towards the house: it had an air of tranquillity so sequestered, so solemn. A lively man of the world would have been seized with spleen at the first glimpse of it; but he who had known some great grief, some anxious care, would have drunk the calm into his weary soul like an anodyne. The house,—small, low, ancient, about the date of Edward VI., before the statelier architecture of Elizabeth. Few houses in England so old, indeed, as Fawley Manor House. A vast weight of roof, with high gables; windows on the upper story projecting far over the lower part; a covered porch with a coat of half-obliterated arms deep panelled over the oak door. Nothing grand, yet all how venerable! But what is this? Close beside the old, quiet, unassuming Manor House rises the skeleton of a superb and costly pile,—a palace uncompleted, and the work evidently suspended,—perhaps long since, perhaps now forever. No busy workmen nor animated scaffolding. The perforated battlements roofed over with visible haste,—here with slate, there with tile; the Elizabethan mullion casements unglazed; some roughly boarded across,—some with staring forlorn apertures, that showed floorless chambers, for winds to whistle through and rats to tenant. Weeds and long grass were growing over blocks of stone that lay at hand. A wallflower had forced itself into root on the sill of a giant oriel. The effect was startling. A fabric which he who conceived it must have founded for posterity,—so solid its masonry, so thick its walls,—and thus abruptly left to moulder; a palace constructed for the reception of crowding guests, the pomp of stately revels, abandoned to owl and bat. And the homely old house beside it, which that lordly hall was doubtless designed to replace, looking so safe and tranquil at the baffled presumption of its spectral neighbour.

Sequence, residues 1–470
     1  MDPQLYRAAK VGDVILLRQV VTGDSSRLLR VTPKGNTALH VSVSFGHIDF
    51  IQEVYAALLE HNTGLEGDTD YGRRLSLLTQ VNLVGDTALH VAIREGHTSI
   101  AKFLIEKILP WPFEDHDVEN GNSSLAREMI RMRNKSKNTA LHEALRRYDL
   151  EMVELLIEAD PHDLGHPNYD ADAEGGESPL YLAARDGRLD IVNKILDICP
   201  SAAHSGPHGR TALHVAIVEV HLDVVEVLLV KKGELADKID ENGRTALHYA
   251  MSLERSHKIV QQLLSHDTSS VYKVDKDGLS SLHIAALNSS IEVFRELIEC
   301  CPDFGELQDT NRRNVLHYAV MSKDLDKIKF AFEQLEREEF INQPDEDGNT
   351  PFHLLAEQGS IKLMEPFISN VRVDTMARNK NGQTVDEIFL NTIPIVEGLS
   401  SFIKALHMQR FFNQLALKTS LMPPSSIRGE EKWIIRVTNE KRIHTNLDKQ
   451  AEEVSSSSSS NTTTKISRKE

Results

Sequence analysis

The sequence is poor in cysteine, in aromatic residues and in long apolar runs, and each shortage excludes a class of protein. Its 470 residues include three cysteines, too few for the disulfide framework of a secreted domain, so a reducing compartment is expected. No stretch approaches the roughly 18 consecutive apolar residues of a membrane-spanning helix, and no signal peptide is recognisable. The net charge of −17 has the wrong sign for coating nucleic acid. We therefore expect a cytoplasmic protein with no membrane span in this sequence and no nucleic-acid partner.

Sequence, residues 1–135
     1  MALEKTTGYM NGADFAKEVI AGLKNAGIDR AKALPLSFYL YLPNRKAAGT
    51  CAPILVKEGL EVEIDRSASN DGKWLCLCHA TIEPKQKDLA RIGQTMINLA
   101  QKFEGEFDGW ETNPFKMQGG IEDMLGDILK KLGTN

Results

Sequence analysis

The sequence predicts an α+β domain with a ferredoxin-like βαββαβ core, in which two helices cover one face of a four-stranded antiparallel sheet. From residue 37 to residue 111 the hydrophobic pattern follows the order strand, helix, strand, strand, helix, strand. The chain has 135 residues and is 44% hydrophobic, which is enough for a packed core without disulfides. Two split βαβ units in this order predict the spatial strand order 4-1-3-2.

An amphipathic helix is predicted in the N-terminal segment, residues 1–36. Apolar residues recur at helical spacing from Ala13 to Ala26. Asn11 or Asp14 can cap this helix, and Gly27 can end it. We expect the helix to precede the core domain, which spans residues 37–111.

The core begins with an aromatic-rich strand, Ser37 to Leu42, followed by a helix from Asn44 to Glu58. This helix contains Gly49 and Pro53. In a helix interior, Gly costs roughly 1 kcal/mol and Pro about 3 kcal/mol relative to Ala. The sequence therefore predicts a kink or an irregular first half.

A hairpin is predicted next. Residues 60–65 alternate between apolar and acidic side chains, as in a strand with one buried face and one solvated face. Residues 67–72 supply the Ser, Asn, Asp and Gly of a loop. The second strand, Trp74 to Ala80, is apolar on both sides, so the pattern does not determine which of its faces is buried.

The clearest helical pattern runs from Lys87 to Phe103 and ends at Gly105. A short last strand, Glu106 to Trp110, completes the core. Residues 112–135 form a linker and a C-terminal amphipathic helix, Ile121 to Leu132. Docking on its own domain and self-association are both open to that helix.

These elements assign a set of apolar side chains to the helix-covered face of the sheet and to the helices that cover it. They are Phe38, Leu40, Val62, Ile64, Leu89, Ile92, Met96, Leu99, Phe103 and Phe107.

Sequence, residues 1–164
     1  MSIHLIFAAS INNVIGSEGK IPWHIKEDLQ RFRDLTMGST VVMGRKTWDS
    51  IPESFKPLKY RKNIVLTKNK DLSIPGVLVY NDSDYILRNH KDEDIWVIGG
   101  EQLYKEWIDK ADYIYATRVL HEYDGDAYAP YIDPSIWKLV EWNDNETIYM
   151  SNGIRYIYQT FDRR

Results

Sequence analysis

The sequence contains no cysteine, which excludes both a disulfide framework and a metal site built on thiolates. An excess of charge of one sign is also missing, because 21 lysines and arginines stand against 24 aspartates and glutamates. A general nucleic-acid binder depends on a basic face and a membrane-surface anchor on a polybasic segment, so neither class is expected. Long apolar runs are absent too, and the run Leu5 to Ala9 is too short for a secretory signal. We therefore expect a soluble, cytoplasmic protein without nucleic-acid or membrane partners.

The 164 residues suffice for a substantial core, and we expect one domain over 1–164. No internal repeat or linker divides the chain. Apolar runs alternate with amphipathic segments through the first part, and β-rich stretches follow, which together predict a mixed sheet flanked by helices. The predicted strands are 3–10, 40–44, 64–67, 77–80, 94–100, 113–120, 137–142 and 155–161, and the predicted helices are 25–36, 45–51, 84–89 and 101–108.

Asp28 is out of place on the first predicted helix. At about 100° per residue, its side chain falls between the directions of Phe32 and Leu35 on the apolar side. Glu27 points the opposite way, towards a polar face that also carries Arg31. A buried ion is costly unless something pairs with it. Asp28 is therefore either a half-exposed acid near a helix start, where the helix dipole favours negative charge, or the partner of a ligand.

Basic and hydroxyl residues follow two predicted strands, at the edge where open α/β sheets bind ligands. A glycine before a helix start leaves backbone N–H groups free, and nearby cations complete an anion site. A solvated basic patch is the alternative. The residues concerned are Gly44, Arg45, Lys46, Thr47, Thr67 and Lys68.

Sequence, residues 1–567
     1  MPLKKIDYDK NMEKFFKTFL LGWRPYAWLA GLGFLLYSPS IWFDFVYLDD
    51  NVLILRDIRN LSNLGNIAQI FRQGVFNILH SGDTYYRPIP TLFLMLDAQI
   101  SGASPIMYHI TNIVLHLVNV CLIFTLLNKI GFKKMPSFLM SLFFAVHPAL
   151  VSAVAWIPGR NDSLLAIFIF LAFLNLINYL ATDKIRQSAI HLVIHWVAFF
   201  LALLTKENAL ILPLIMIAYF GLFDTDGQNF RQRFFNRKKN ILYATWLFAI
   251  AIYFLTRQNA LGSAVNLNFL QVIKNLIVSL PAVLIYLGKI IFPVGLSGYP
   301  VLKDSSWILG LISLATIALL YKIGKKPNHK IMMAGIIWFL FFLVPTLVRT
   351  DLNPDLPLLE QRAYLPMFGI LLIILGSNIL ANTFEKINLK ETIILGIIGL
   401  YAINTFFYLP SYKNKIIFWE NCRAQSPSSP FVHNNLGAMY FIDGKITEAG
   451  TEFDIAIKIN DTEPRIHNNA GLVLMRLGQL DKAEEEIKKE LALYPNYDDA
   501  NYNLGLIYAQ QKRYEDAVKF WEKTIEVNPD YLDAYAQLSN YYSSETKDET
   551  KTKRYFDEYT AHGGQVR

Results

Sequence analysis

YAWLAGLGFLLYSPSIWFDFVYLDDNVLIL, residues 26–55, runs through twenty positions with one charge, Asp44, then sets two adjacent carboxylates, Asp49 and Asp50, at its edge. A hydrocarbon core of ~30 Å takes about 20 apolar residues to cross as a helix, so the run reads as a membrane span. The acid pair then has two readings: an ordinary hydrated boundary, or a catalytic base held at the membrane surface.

The driver had rung the bell, and now turning back to the chaise met Lionel's inquiring eye, and said, "Yes; Squire Darrell began to build that—many years ago—when I was a boy. I heerd say it was to be the show-house of the whole county. Been stopped these ten or a dozen years."
"Why?—do you know?"
"No one knows. Squire was a laryer, I b'leve: perhaps he put it into Chancery. My wife's grandfather was put into Chancery jist as he was growing up, and never grew afterwards: never got out o' it; nout ever does. There's our churchwarden comes to me with a petition to sign agin the Pope. Says I, 'That old Pope is always in trouble: what's he bin doin' now?' Says he, 'Spreading! He's a-got into Parlyment, and he's now got a colledge, and we pays for it. I does n't